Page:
WHAT ARE THE RAMIFACTIONS OF VIOLATING THESE ORDERS?
So, assuming the Protective Order or No Contact Order is in place, one of the worst things the Respondent can do is violate the terms. And, there are some major misconceptions out there as to what it takes to do so. Violating a Protective Order or No Contact Order isn’t just as simple as having physical contact with the protected party. Rather, the following are examples of violating those orders: (1) direct contact, (2) indirect contact, (3) contact through third parties, (4) social media contact, (5) phone contact, (6) email contact, (7) contact through text messages, (8) contact through letters/notes, etc. Any one of these forms of contact can result in criminal charges, more specifically, Invasion of Privacy as a Misdemeanor or Felony.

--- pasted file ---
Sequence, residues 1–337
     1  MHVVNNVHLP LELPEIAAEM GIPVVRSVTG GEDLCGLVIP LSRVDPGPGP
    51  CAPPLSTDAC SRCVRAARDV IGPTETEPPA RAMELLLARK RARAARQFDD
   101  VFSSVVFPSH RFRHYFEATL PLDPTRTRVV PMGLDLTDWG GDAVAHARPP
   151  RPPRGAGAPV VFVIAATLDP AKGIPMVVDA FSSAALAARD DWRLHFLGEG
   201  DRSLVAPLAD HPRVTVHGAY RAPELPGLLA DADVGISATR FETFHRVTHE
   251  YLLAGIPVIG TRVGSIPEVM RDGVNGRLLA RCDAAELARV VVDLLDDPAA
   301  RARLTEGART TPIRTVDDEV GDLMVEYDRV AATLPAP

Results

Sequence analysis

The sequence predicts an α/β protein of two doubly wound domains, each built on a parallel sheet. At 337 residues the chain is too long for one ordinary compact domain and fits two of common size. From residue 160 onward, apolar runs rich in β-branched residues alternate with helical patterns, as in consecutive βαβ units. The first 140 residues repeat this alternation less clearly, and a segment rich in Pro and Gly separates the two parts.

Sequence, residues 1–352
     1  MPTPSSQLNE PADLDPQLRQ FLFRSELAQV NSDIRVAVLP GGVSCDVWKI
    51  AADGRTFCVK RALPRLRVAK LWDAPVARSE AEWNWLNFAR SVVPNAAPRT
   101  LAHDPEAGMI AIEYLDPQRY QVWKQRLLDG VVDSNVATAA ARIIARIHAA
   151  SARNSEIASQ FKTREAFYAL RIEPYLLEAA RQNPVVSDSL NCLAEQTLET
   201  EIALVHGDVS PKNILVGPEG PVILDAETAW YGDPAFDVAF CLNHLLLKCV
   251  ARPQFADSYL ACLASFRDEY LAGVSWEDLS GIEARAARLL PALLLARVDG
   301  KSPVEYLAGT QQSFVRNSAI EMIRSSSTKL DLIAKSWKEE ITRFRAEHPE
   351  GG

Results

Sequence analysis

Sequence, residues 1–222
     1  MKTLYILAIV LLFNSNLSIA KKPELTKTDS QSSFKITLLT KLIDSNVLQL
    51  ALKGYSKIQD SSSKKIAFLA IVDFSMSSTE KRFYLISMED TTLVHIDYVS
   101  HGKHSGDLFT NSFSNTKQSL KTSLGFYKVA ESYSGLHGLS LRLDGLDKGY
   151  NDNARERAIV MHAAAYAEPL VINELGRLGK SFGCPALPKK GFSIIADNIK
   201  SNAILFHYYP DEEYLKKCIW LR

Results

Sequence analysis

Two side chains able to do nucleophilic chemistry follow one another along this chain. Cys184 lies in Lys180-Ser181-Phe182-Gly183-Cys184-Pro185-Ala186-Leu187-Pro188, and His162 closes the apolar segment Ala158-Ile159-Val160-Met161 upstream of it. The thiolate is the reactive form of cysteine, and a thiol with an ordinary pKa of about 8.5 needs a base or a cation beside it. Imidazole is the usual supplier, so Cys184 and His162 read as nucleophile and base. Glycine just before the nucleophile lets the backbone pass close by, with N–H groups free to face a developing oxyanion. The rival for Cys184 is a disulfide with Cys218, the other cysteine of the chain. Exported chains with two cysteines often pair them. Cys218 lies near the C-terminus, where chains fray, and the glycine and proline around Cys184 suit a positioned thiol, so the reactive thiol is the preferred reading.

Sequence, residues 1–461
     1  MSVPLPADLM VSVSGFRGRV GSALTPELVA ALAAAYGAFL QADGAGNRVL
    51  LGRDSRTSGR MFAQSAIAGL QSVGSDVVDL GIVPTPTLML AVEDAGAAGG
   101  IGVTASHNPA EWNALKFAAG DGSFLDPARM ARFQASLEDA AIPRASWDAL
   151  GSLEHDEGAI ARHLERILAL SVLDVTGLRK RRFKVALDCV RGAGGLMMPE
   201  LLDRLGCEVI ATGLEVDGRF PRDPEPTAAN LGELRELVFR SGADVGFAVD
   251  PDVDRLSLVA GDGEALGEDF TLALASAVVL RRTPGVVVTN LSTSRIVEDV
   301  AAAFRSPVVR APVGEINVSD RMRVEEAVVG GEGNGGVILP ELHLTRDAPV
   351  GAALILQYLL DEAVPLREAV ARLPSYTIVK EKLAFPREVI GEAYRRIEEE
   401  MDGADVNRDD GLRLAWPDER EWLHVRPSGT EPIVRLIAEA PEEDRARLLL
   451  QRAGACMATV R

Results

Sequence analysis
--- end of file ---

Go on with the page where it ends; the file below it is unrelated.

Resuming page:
Another common misconception is that so long as the Respondent is responding to an invitation to communicate with the protected party, they cannot get in trouble. In fact, quite the opposite is true. The protected party is legally allowed to initiate contact with the Respondent, but the Respondent is forbidden to communicate back. That may not seem fair, but justice isn’t always fair. This issue often rears its ugly head in domestic-based criminal charges. Often times the defendant and the alleged victim will reconcile in violation of the No Contact Order. Things are fine for a while until they have another falling out. If that happens, and the victim reports it, the Defendant can be charged, regardless of whether or not it was consensual. So, when in doubt, don’t communicate until your attorney can lift the No Contact Order.